Material conference explores the concept of the Web as a physical material. With 20+ years of the Web and we are still at the very beginning of understanding the possibilities. For the first time we are facing a generation that never got to know the offline world.
- Are we loosing the ability to learn from our ancestors' knowledge on mastering a craft?
- Can we push digitalization as a material further to its fullest potential?
- Are there other new ways of thinking about the Web?
- Are we mastering the digital craft?
Sharing across disciplines opens a new world of solutions and ways to tackle challenges. Join us and let's re-explore the material Web and see where it's heading.
I have known Brian for many years and am constantly inspired by how his brain functions. This conference is a unique oportunity to get out of your head and approach technology from a totally different angle.Finnur Pálmi Magnússon, Product Manager at Nox Health.
The Web as a material
For centuries we've worked with wood, metal, glass, ceramic, paper, textiles. More recently, new materials have emerged; plastics, fiberglass, silicon, and more. We understand their limitations, their affordances. We can fold, heat, manipulate and warp some of these materials. But the Internet and the Web are still very new to us. We don't fully understand them as a material.
What does this mean for the Web? What are the properties of the Web as a Material?
We have lost the apprentice / master relationship in the digital world. Spending years getting our hands dirty with an expert, learning slowly and really understanding the material rather than the framework. We need to be asking ourselves what sacrifices should we be making for the convenience of our customers rather than shortcuts for ourselves.
What properties of materialness exists in the Web is what this conference is meant to explore.
The conference will be a day long mix of presentations and fun little side-shows from both international and local speakers.
Stephanie is a designer, researcher, and product strategist with an expertise in the sociocultural, economic, and systemic impacts of technology. A mobile industry veteran, Stephanie has worked with some of the world's leading technology brands including Microsoft, Philips, Intel, Symbian, Nokia, Opera Software, and Mozilla. She is also co-founder and principal at yiibu, a small design studio that blends product strategy, research, and foresight to explore issues around automation, algorithms, and the future of the (open?) internet.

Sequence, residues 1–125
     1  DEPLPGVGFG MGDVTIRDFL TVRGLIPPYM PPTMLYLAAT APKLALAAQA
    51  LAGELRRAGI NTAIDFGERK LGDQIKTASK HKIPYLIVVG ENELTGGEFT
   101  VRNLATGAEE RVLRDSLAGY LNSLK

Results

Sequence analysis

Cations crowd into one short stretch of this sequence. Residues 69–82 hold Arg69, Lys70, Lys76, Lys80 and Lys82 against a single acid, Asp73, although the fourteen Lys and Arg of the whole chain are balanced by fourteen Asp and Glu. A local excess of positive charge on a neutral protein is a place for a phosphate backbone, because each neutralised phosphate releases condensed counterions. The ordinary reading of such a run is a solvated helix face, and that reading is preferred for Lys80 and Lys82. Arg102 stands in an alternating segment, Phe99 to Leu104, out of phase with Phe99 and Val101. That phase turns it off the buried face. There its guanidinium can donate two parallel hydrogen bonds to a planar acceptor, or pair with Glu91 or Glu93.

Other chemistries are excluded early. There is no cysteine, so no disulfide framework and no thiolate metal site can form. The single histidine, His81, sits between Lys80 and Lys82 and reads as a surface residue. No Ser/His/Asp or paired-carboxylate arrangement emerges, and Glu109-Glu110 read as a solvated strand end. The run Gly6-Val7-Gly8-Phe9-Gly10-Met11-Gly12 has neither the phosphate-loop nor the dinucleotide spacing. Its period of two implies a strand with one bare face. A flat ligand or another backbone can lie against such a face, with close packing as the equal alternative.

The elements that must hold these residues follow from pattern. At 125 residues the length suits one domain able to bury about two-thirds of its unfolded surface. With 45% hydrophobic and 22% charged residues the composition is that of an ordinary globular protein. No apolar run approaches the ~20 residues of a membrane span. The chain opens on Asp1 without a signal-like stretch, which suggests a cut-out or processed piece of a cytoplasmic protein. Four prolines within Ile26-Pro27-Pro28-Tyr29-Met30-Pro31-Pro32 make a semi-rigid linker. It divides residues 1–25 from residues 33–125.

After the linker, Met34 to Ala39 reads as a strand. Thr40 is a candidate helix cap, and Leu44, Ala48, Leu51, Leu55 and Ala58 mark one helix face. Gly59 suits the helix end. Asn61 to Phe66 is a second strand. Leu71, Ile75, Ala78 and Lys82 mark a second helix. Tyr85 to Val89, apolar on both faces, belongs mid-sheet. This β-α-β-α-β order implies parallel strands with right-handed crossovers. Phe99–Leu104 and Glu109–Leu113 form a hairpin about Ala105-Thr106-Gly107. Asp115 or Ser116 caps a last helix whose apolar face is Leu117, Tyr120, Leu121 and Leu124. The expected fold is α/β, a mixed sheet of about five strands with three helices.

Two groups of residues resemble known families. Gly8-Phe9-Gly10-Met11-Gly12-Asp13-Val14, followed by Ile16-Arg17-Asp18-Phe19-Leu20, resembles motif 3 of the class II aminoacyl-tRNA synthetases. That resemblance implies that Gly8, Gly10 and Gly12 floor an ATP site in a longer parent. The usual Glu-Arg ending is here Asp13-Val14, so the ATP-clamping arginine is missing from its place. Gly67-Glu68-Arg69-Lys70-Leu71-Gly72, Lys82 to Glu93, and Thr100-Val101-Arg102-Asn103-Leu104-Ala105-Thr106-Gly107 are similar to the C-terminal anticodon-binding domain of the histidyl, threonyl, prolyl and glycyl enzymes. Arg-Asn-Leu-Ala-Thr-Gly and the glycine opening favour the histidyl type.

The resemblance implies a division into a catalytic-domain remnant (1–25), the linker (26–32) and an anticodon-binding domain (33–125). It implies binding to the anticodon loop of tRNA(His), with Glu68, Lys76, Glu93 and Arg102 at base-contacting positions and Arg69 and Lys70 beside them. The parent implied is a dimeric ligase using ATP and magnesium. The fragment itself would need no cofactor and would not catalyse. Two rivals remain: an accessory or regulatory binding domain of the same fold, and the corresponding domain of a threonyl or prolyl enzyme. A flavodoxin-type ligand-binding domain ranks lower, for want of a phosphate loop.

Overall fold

Regulating the web
At a time when Facebook’s products provide a rich (but closed) alternative to the web for close to 3 billion people, and 50% of Google searches no longer result in a click to the ‘open web’, we are confronted with a rather urgent question: what shape will the web take in a world beset with the challenges that are now upon us? From climate chaos and disinformation, to the rapid and sustained socio-cultural shifts that come with dramatic changes to how we live; if the web is a material, what will it be good for? If it’s a tool, who will it serve?
In this talk I will explore the twenty-six words that helped create the open and experimental internet we hold dear; how that openness is threatened by a new wave of regulation that will only serve to further entrench the big platforms; and how emerging protocols and approaches may point us towards a better future. A future in which code and regulation work hand in hand to ensure the web remains free, safe, and open to everyone.
Charlie is a front-end dev manager and Brexit escapee living in Berlin. She has attained notoriety for her foul mouthed tirades on social media, and for making fun of the privileged excesses of the tech industry. She advocates for a simpler approach to the web, and writes about how vital empathy and kindness are in building sites for our fellow humans.
Chanel went from fashion to full-stack with the ambitions to combine both fields and change the game. Gripping onto her core values of sustainability and ethical trade, she has a goal to eliminate the human and environmental exploitation caused by the hyper-consumerism of clothing. While changing industries, the California native also changed residences, embarking on her dev journey in Berlin — a burgeoning fashion and tech-hub. There she works as a full-stack dev, exploring what it means to be a junior with an unconventional background and diverse perspective in the tech industry.
To expand our line-up, we invite several shorter talks to compliment what we're learning. These may or may not be web releated, but they will always be technical, fun, interesting and stay with the theme of Material.
Martin Swift: Making the invisible, visible
Martin Swift is a science communicator at the University of Iceland Science Centre (Vísindasmiðjan) where he primarily works on developing and running activities for school group visits and teacher training workshops. He has a background in physics and has been involved in education at various levels from kindergarten to university.
TBA: Responsive design in analog
We focus on a web which is flexible and can look different on different devices for different people. What sorts of parallels are there in the analog world? What can we learn from the scoffolding we might need to make something physcial flexible?
TBA: The Web of Smell
Scents and odurs are not something we tend to experience in a digital context. Could that change, or should it? We want to explore how smell can compliment the Web and what affordances we can take from smell to apply to how we think and design in the digital world.
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Sessions from #Material18
More information about the 2018 line-up can be found at material.is/2018.